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3 Tips for Training in the Cold

Although training in the cold is not always pleasant, it is possible, if you know what you’re doing. Here are some practical tips for working out on cold days.

1. Don’t be a hero.

There is no air temperature below which exercise is unsafe. Even when the mercury falls well below zero you can safely train outdoors, if you are properly dressed. However, on especially cold days the risk of hypothermia and frostbite is increased even if you are wrapped up appropriately. For example, if you encounter a situation where you are forced to stop exercising far from home (such as muscle cramping), your body will produce much less heat and you could be in trouble.

So play it safe on the most frigid days. Avoid straying too far from home and using unfamiliar routes, and carry a cell phone and a credit or debit card with you in case a problem arises. Take precautions to prevent getting wet, as the resulting evaporative cooling could send your body temperature spiraling downward. If you experience early signs of hypothermia or frostbite, such as tingling in the extremities, get inside as quickly as possible.  Also, avoid running or cycling on slick surfaces such as black ice regardless of the temperature.

2. Dress appropriately.

The first rule of dressing for winter workouts is to wear technical apparel that is specifically designed for this use.  These products have several advantages over cotton sweat suits, everyday winter jackets and other items that are simply warm. Winter technical apparel is made from breathable, moisture-wicking fabrics that trap just enough but not too much of the heat your working muscles produce against your skin while keeping your skin relatively dry, so that evaporative cooling doesn’t chill you. Winter technical apparel is also lighter, allows more freedom of movement, and is easier to layer than other types of clothing. How much clothing should you wear? As a general rule, you should dress so that you are uncomfortably cool but not miserably cold when you first step out the door and then become comfortable after about 10 minutes of activity as body heat accumulates. The following table provides a basic set of guidelines for how to dress in different temperatures.

TemperatureHow to Dress55°F+Shorts and short-sleeve top45°-54°FShorts or tights and long-sleeve base layer top33°-44°FTights and long-sleeve base layer top; gloves and thermal headband optional20°-32°FTights, long-sleeve base layer, second top layer (e.g. vest), gloves and thermal headband; second bottom layer (e.g. running pants) optional0°-19°FTights, second bottom layer (e.g. running pants), long-sleeve base layer, jacket, gloves, thermal headband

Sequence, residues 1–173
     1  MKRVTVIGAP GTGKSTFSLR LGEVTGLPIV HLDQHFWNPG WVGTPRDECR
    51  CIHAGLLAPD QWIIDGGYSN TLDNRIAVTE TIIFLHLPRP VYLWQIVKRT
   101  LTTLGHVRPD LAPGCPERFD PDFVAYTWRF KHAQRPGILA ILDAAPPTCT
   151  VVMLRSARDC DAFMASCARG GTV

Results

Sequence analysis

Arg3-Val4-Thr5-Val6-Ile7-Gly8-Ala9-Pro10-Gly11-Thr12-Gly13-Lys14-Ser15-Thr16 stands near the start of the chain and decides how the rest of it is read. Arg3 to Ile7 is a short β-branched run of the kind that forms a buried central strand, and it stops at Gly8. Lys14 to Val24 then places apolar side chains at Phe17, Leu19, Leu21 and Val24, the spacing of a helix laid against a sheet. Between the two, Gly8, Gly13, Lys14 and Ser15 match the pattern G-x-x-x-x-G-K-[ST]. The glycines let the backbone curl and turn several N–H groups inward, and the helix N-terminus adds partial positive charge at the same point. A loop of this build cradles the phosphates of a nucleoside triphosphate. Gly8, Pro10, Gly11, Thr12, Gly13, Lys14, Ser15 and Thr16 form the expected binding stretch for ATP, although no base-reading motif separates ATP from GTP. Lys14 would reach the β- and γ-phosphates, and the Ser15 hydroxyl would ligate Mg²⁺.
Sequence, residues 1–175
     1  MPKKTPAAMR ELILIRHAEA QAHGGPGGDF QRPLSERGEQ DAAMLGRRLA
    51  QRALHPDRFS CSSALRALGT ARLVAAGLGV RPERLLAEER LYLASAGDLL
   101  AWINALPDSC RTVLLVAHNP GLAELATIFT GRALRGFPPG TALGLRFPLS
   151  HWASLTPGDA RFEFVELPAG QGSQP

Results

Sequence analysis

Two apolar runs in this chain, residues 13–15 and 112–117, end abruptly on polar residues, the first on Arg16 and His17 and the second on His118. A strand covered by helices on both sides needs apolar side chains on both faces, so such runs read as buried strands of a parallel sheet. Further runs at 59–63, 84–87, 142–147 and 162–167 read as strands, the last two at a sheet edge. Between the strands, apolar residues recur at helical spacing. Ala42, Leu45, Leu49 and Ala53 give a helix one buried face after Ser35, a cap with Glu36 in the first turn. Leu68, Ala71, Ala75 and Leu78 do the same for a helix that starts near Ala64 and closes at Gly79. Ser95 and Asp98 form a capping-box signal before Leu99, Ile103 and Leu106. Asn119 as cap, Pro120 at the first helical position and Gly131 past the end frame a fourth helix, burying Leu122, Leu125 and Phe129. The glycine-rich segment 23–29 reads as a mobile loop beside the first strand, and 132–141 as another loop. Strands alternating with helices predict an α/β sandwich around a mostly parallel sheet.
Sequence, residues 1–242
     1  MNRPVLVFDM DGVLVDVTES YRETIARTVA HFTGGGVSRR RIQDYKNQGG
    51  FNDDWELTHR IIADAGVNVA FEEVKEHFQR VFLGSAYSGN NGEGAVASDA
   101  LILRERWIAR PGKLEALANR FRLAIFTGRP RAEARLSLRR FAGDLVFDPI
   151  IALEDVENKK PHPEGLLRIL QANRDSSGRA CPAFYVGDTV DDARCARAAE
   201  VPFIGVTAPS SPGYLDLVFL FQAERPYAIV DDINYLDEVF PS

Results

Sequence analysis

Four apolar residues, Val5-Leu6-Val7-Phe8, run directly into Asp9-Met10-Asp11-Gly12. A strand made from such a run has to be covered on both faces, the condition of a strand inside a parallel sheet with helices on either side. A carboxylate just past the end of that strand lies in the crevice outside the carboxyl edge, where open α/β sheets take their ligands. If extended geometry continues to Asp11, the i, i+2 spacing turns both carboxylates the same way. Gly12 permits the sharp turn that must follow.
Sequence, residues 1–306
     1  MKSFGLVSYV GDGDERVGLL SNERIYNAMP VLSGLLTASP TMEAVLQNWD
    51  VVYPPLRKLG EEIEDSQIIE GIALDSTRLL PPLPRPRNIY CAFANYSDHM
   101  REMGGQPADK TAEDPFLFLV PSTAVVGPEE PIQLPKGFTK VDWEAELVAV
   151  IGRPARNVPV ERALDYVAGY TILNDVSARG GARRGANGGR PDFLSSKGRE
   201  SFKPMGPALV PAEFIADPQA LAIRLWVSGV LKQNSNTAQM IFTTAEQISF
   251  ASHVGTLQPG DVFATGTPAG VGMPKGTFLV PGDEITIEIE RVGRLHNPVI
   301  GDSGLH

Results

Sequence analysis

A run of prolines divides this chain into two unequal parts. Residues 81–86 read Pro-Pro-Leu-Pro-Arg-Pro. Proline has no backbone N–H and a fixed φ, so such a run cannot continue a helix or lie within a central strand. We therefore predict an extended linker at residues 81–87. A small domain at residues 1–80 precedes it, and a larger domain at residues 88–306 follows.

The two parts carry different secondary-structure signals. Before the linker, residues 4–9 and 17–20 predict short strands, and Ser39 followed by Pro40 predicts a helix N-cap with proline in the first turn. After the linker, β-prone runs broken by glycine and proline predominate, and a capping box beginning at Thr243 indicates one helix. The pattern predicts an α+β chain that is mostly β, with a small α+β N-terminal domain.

In addition to the air temperature, also consider the wind when dressing for cold-weather workouts and wear a wind-resistant outer layer if necessary. Cyclists often get themselves into trouble on cold and windy days when they do out-and-back rides in which they have a tailwind in the first half and generate a lot of sweat, then face a headwind on the way back, which rapidly pulls all that sweat off their bodies and chills them. You can avoid this problem by packing a wind-resistant jacket to put on at your turnaround point.

3. Don’t forget to hydrate.

Athletes who routinely use water or a sports drink while training in the summer heat are much less likely to do so in the colder months.  There is a tendency to assume that hydration is not an important issue in cold-weather exercise.  But in reality it is just as important.  Failure to drink carries the same risks in the cold as it does in the heat: dehydration, bonking, and even fatigue-related injury.

Several factors increase the likelihood of dehydration in the cold. First, cold air tends to be very dry, especially at higher altitude, and in dry air more fluid is lost as vapor through breathing.  Second, the cold tends to suppress thirst so that athletes drink less even when fluid is available.  Third, cold-induced dieresis causes rapid fluid loss via urination, which often reduces the amount of fluid athletes voluntarily chose to drink when exercising in the cold.

To avoid dehydration in your winter workouts, drink water or a sports drink during all workouts lasting longer than an hour, even on the coldest days. Compensate for your reduced desire to drink by drinking on a schedule of four to six ounces every 10 to 15 minutes. Sports drinks are generally preferable to water because unlike water they replace the electrolyte minerals lost in sweat and provide carbohydrate energy, plus they are more palatable. Consider heating your sports drink before you head outdoors to make it even more palatable.


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